WHAT THE HELL

Kevin Brennan Writes About What It's Like

The pudding is in the proof

love_of_books_202371

I’m sort of agog this morning. Why? Because I received the proof copy of Occasional Soulmates on Friday and it looks terrific!

I’ll be honest and admit that my expectations were modest. I’d never handled a CreateSpace book before, and the whole idea of print-on-demand always struck me as “less than.” I imagined something along the lines of the old chapbooks and little-little magazines, made on the cheap and screaming “Amateur!”

But let me tell you: Thisere’s a real book! It’s made of quality-stock paper. It’s well-bound, with no blobs of glue gooping out. It’s got everything a standard trade paperback has except a publisher’s imprint on the spine.

Which leads me to the real theme here, and that is a simple question: If I can produce a book that’s indistinguishable from a traditional trade paperback (aside from that little imprint), why do I need a traditional publisher?

It’s a rhetorical question.

The answer is, I don’t. We don’t. The cost of self-publishing a book is perfectly reasonable, so we don’t need the machinery of big publishing. True, promotion can rack up some bills, and while it’s tempting to say that traditional publishers can do that much better, the fact is that they don’t do it for most books. Mid-list authors and first novelists are on their own for the most part, so that advantage is something of a myth.

Then there’s the quality of the writing. That’s a tricky one. I hope I offer readers professional quality at low-low prices, but that’s in the eye of the beholder to a large extent. We’ll see if I can develop a reputation that backs me up. At least I know now that the paperback itself won’t betray me.

Anyway, I wish I could show you the book! It’s coming out September 23, but you can sign up for a sneak peek at the cover by adding your name to my newsletter list here.

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14 comments on “The pudding is in the proof

  1. Pamela Beckford
    August 11, 2014

    I used Createspace for my poetry books as well. I learn more each time. But it really is simple.

    • Kevin Brennan
      August 11, 2014

      It’s simple and inexpensive. What more can we ask? 😉

  2. John W. Howell
    August 11, 2014

    Glad you think the outside is up to the quality of the inside. Really good book,but you know that.

  3. ericjbaker
    August 11, 2014

    This old dinosaur is looking forward to getting his hands on a paper copy of your new novel.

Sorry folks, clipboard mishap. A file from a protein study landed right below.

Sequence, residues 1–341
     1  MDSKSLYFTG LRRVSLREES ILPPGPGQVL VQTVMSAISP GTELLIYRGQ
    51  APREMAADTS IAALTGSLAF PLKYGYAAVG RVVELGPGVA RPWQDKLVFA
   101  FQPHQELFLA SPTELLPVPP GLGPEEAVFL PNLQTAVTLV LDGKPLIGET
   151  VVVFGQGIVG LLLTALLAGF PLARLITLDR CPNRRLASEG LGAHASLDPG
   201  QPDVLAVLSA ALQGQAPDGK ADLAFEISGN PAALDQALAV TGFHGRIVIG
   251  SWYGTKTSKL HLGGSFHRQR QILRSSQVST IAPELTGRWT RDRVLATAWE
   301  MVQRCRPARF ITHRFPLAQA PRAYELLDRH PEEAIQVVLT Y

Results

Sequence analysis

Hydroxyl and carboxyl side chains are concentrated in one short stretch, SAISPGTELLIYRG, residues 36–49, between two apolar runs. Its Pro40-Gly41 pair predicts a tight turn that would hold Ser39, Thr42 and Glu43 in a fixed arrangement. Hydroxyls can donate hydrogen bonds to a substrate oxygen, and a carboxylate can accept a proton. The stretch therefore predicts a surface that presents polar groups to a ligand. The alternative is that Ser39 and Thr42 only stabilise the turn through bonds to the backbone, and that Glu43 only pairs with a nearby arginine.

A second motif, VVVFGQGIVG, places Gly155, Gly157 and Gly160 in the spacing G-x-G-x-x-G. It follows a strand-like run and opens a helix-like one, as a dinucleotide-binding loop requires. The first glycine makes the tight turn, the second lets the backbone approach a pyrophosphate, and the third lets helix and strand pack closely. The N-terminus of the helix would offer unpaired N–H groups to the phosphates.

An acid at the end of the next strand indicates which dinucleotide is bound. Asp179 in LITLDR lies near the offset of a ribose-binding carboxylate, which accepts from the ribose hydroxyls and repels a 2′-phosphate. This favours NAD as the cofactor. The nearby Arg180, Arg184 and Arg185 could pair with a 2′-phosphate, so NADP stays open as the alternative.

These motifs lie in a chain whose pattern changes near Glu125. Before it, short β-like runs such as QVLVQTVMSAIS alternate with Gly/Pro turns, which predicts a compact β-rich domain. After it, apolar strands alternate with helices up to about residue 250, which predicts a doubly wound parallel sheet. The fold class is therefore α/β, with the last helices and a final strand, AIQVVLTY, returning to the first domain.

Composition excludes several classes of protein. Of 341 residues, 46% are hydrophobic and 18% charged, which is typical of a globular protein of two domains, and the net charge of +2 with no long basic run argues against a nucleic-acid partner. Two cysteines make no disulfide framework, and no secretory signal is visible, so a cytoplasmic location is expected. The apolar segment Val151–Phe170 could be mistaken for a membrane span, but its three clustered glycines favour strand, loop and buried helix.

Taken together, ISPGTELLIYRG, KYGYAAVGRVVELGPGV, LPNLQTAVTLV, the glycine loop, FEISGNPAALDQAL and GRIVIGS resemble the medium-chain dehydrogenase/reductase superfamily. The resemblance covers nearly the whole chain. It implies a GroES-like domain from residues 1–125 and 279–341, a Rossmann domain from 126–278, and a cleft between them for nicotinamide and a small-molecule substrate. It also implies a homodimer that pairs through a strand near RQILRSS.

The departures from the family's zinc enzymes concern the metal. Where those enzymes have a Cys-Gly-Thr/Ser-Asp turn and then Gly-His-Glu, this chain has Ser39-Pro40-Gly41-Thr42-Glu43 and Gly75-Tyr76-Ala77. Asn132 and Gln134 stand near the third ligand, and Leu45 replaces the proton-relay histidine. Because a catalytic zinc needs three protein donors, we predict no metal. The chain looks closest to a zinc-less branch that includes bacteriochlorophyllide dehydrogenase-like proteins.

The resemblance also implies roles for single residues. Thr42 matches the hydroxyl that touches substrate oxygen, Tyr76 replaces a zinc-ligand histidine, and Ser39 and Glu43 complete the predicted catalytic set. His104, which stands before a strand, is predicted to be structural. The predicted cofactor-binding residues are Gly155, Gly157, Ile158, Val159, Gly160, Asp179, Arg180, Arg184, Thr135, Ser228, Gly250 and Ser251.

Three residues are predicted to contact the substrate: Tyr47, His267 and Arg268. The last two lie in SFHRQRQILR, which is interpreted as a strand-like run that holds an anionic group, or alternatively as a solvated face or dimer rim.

• Kevin Brennan
      August 11, 2014

      Not long to wait, EB!

      By the way, are you a carnivorous dinosaur or a benign pond dweller?

  4. sknicholls
    August 11, 2014

    I’m so excited for you. It’s an awesome book in any form and I’m sure your readers will be impressed.

  5. Michelle Proulx
    August 11, 2014

    I’ve bought a couple of Createspace books, and I have to say their quality really impresses me! I mean, it’s no leather-bound hardcover, but it’s pretty damn decent for a softcover! Like you said, thick paper, no glue spilling over the edges, etc. I’ll be looking into them to produce my novels when they’re eventually read for publication 🙂 Oh, and best of luck with your own novel launch! September 23 … marking it on my calendar.

    • Kevin Brennan
      August 11, 2014

      Thanks so much, Michelle! Get ready to fire up your review pen too! 😉

  6. kingmidget
    August 11, 2014

    Agreeing with what everybody has already said … CreateSpace does self-publishers right. The only thing holding some of us back is the quality of our covers, something I’m still working on. But, with the right cover, a CreateSpace produced book looks just like any other published paperback.

    • Kevin Brennan
      August 12, 2014

      I think you’re right about the cover thing. As mundane as it sounds, you need a high-quality cover in order to compete in the bombardment of images that is Amazon. It’s probably smarter to spend bucks on that rather than risky promotional efforts.

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This entry was posted on August 11, 2014 by in Publishing and tagged , .
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